Dorothea Douglass Lambert Chambers

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Dorothea Lambert Chambers (née Dorothea Katherine Douglass, 3 September 1878 – 7 January 1960)[1] was a British tennis player. She won seven Wimbledon Women's Singles titles and a gold medal at the 1908 Summer Olympics.[2]

Dorothea Lambert Chambers
Dorothea Douglass.jpg
Full nameDorothea Katherine Douglass Lambert Chambers
Country (sports) United Kingdom
Born(1878-09-03)3 September 1878
Ealing, Middlesex, England
Died7 January 1960(1960-01-07) (aged 81)
Kensington, London, England
Int. Tennis HoF1981 (member page)
Singles
Grand Slam Singles results
WimbledonW (1903, 1904, 1906, 1910, 1911, 1913, 1914)
US OpenQF (1925)
Doubles
Grand Slam Doubles results
WimbledonF (1913, 1919, 1920)
Grand Slam Mixed Doubles results
WimbledonF (1919)
Team competitions
Wightman CupW (1925)
Medal record
Olympic Games – Tennis
Gold medal – first place 1908 London Singles

TennisEdit

In 1900 Douglass made her singles debut at Wimbledon and, after a bye in the first round, lost her second round match to Louisa Martin. Three years later, she won her first of seven ladies singles titles. On 6 April 1907 she married Robert Lambert Chambers and was thereafter known by her married surname Lambert Chambers.[3][4]

In 1908 she won the gold medal in the women's singles event at the 1908 Summer Olympics after a straight-sets victory in the final against compatriot Dora Boothby.[5]

She wrote Tennis for Ladies, published in 1910. The book contained photographs of tennis techniques and contained advice on attire and equipment.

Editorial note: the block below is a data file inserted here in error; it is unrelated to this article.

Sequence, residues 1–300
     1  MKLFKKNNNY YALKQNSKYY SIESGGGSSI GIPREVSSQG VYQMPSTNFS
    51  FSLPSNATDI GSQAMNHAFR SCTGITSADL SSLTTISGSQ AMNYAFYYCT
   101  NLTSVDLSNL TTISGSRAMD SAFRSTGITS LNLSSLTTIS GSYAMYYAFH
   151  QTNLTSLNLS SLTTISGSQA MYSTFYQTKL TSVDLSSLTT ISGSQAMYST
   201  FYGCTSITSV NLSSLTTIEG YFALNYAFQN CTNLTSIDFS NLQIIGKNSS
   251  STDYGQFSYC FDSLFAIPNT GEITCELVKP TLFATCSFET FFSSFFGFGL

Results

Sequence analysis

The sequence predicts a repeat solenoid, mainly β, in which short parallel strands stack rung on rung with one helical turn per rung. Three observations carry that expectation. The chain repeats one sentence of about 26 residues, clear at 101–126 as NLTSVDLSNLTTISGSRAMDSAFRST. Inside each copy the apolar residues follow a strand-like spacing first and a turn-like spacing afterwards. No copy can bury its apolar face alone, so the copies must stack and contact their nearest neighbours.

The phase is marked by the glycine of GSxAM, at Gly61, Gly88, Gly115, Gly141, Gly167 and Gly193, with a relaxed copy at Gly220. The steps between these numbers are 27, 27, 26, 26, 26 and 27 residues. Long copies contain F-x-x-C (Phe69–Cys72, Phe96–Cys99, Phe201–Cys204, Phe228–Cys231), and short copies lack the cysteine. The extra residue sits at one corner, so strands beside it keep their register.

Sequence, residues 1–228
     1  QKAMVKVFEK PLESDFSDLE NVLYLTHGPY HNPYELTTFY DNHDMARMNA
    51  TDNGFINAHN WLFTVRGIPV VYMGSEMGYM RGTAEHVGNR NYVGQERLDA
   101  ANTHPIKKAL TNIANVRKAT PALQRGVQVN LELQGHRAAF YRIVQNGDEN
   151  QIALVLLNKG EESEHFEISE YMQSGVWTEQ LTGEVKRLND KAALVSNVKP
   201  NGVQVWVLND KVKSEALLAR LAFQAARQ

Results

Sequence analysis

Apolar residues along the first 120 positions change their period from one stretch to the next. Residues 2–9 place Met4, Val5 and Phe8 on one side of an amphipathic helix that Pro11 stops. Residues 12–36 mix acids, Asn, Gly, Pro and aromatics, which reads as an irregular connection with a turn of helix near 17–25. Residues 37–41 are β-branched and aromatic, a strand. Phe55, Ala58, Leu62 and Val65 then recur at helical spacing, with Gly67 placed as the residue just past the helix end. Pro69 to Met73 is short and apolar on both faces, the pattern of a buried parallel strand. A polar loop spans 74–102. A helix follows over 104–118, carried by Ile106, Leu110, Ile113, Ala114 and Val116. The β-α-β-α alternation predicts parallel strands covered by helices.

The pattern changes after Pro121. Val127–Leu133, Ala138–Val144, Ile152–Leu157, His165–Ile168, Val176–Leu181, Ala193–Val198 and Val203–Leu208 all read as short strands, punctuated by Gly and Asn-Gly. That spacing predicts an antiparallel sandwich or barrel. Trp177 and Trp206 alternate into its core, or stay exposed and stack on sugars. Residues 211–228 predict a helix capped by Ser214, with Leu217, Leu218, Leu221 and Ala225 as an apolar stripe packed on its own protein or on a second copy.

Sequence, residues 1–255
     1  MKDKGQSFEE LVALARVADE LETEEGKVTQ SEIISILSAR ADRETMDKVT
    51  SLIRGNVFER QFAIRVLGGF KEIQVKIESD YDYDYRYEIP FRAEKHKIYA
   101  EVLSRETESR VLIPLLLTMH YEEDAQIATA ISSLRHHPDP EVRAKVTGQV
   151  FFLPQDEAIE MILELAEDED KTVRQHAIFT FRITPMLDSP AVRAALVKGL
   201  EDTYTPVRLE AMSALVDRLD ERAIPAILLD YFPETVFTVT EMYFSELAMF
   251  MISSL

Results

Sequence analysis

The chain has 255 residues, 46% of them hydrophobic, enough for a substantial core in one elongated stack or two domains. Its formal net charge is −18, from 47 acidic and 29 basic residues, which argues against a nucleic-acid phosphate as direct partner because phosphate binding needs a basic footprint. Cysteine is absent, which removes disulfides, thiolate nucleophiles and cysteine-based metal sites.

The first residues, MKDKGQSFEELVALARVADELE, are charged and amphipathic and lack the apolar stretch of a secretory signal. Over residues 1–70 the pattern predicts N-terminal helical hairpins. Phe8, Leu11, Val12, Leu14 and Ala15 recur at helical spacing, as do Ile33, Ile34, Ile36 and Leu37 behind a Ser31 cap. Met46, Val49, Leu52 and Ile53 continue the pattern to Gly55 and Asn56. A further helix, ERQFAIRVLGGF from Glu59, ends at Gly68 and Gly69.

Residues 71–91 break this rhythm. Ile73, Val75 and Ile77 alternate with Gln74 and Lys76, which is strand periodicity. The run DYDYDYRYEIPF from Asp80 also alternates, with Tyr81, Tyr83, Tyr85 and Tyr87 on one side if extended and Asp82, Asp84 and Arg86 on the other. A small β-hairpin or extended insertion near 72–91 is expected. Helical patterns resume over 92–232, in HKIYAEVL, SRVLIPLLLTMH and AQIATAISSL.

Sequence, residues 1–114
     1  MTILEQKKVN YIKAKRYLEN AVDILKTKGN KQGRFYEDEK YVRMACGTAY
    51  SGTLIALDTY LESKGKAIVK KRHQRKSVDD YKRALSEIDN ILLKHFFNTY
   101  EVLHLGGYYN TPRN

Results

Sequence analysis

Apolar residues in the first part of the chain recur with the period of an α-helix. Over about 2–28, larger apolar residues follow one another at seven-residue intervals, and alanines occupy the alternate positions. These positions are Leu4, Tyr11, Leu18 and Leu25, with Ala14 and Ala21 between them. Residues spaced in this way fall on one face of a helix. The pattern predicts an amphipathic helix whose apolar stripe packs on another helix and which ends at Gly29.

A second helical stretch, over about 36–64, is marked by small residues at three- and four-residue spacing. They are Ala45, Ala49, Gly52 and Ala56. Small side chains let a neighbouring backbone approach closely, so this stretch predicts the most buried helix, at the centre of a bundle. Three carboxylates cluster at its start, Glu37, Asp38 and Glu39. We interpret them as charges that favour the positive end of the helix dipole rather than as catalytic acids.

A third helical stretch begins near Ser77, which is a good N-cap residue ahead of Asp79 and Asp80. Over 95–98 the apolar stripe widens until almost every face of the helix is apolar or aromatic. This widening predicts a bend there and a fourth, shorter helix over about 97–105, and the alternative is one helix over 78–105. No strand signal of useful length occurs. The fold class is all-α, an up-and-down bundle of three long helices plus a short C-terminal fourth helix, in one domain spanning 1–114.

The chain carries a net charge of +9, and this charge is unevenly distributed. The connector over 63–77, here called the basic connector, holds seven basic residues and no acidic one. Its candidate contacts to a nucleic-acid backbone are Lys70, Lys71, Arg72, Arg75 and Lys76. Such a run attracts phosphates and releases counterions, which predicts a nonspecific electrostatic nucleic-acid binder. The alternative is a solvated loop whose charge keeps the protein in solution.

In 1911, Lambert Chambers won the women's final at Wimbledon against Dora Boothby 6–0, 6–0, the first player to win a Grand Slam singles final without losing a game.[6] The only other female player to achieve this is Steffi Graf when she defeated Natalia Zvereva in the 1988 French Open final.[7]

In 1919, Lambert Chambers played the longest Wimbledon final up to that time: 44 games against Frenchwoman Suzanne Lenglen. Lambert Chambers held two match points at 6–5 in the third set but eventually lost to Lenglen 8–10, 6–4, 7–9.[8]

Lambert Chambers only played sporadic singles after 1921 but continued to compete in doubles until 1927. She made the singles quarterfinals of the U.S. Championships in 1925,[9] and from 1924 to 1926, she captained Britain's Wightman Cup team. In the 1925 Wightman Cup, she played, at the age of 46, a singles (against Eleanor Goss) and doubles match and won both.[10][11] In 1928 she turned to professional coaching.

Lambert Chambers was posthumously inducted into the International Tennis Hall of Fame in 1981.[12] She died in Kensington, London in January 1960.

Grand Slam finalsEdit

 
Dorothea Lambert Chambers in 1906

Singles: 11 (7 titles, 4 runner-ups)Edit

Result Year Championship Surface Opponents Score
Win * 1903 Wimbledon Grass   Ethel Thomson 4–6, 6–4, 6–2
Win 1904 Wimbledon (2) Grass   Charlotte Cooper Sterry 6–0, 6–3
Loss 1905 Wimbledon Grass   May Sutton 3–6, 4–6
Win 1906 Wimbledon (3) Grass   May Sutton 6–3, 9–7
Loss 1907 Wimbledon Grass   May Sutton 1–6, 4–6
Win 1910 Wimbledon (4) Grass   Dora Boothby 6–2, 6–2
Win 1911 Wimbledon (5) Grass   Dora Boothby 6–0, 6–0
Win ** 1913 Wimbledon (6) Grass   Winifred McNair 6–0, 6–4